BOAT PEOPLE (TAU BAN NO HOI) (TV)
(director: Ann Hui; screenwriter: Tai An-Ping Yau; cinematographer: David Chung/Zong Ji Huang/Chung Kay Wong; editor: Kin Kin; music: Wing-Fai Law; cast: George Lam (Shiomi Akutagawa), Season Ma (Cam Nuong), Cora Miao (Nguyen’s Mistress), Kei Mung-Sek (Nguyen), Andy Lau (Minh), Jialing Hao (Cam Nuong’s Mother), Juny (Lang), Guo Meiying Jia (Le Van Quyen), Gamhung Cheung (Ah Thanh), Jianzhou Cai (Monitor), Shijun Wu (Nhac); Runtime: 111; MPAA Rating: R; producer: Meng Xia; Janus/Bluebird Movie Enterprises; 1983-B/W, Hong Kong-in Cantonese, Japanese, Vietnamese with English subtitles)
“A politicized film revealing the human tragedy of war.”
Reviewed by Dennis Schwartz
Prolific Hong Kong filmmaker Ann Hui (“A Simple Life”/”All About Love”), in the third film of her brilliant Vietnam Trilogy, recounts the awful plight of the Vietnamese people after the communist takeover in 1975 following the Fall of Saigon in the ending of the Vietnam War.
The title in Chinese literally means “Run Towards the Angry Sea.” It’s a politicized film revealing the human tragedy of war and of a despotic regime that worships Ho Chi Minh’s form of communism.
The film is seen through the eyes of the humanitarian, left-wing, Japanese photojournalist, George Lam (Shiomi Akutagawa). He was in Viet Nam for the war and impressed the Communist victors by his fair coverage of their cause. George was orphaned at age one during the second World War, when the Americans wiped out his family. As an adult he has sincerely cared about all the children in the world having a better life.
The Viet Cong victors invite him back 3 years after the war for propaganda purposes and encourage him to send photos home to show the world how well things are going in Viet Nam under communist rule.
But he finds he’s being duped by his government minder (Jianzhou
Cai) and sees children forced to smile for his camera. He thereby requests from her boss, the sophisticated hedonistic Sorbonne educated army commander running the Cultural Bureau, comrade Nguyen (Kei Mung-Sek), that he visit alone the New Economic Zone near Da Nang, and is granted permission.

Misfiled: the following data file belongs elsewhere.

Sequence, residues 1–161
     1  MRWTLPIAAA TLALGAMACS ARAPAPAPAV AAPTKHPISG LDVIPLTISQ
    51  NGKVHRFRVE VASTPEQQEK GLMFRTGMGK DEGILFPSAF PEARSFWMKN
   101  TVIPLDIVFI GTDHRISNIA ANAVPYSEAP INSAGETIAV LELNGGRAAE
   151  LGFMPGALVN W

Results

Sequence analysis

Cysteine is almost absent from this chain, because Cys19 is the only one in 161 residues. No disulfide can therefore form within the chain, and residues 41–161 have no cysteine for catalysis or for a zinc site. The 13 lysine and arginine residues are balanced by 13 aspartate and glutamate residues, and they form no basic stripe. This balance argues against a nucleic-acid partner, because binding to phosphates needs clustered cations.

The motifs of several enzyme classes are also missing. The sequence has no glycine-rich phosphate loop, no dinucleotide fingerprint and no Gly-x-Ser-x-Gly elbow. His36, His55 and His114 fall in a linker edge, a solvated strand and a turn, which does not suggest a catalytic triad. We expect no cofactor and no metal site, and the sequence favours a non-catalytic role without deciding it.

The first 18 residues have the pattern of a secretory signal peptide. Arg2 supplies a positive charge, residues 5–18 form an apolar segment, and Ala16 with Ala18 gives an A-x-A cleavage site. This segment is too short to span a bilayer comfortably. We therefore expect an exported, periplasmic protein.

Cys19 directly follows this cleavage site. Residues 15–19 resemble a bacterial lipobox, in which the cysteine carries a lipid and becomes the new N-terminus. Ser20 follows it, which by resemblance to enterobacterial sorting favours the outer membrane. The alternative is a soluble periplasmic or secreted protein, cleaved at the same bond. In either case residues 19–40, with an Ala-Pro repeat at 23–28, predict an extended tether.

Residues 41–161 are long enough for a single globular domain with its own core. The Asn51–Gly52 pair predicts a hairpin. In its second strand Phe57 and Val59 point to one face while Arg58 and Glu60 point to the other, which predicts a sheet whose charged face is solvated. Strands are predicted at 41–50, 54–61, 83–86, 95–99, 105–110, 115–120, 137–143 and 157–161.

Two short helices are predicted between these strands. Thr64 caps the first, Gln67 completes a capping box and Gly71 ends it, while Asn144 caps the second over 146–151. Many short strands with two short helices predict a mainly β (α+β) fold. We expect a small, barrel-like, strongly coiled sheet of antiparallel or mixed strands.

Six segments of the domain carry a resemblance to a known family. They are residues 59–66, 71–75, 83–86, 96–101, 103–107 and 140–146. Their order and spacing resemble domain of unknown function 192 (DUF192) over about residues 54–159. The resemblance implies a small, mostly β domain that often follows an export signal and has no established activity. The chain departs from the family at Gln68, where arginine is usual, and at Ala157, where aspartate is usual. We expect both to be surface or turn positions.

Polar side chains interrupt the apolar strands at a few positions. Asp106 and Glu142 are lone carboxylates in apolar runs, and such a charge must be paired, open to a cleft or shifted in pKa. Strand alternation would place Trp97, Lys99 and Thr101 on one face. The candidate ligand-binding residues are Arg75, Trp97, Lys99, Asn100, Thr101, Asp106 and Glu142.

While on his own, Lam finds the real country with massive hunger, an autocratic state with massive arrests and execution squads for dissidents, unhappy children and police brutality. Wanting to get natural photos of smiling children is not possible. Thereby Lam hooks up with a destitute family and pays them to take him places to photograph the true scenes of the country.
He bonds with the family’s oldest daughter, Cam Nuong (Season Ma), whose ailing widowed mother (Jialing Hao) must secretly work as a prostitute to feed her children at the risk of imprisonment if caught. The oldest boy Nhac (Shijun Wu) is a slang-talking street hustler and the youngest brother, Lang (Junyi Guo), is a weakling who was fathered by a Korean soldier who was his mother’s client.
Finding life unbearable for the sweet sister and her hustler brother, Lam sells his camera to pay the expenses of getting them out of the country by boat and thereby ends up sacrificing his life so they can escape and have a new start in life.
Because the film was produced with the full co-operation of the government of the People’s Republic of China, a government that fought a recent war with Vietnam, many leftists view the film as an anti-Vietnam propaganda one despite Hui’s protestations to the contrary.
At the Cannes Film Festival, leftists protested against the film’s inclusion, and as a result it was dropped from the main competition at the bidding of the French government. They were seeking to maintain good relations with the Socialist Republic of Vietnam. In Taiwan, every film of Hui’s was banned because this one was filmed on Hainan, an island in the People’s Republic of China.
REVIEWED ON 12/13/2020 GRADE: A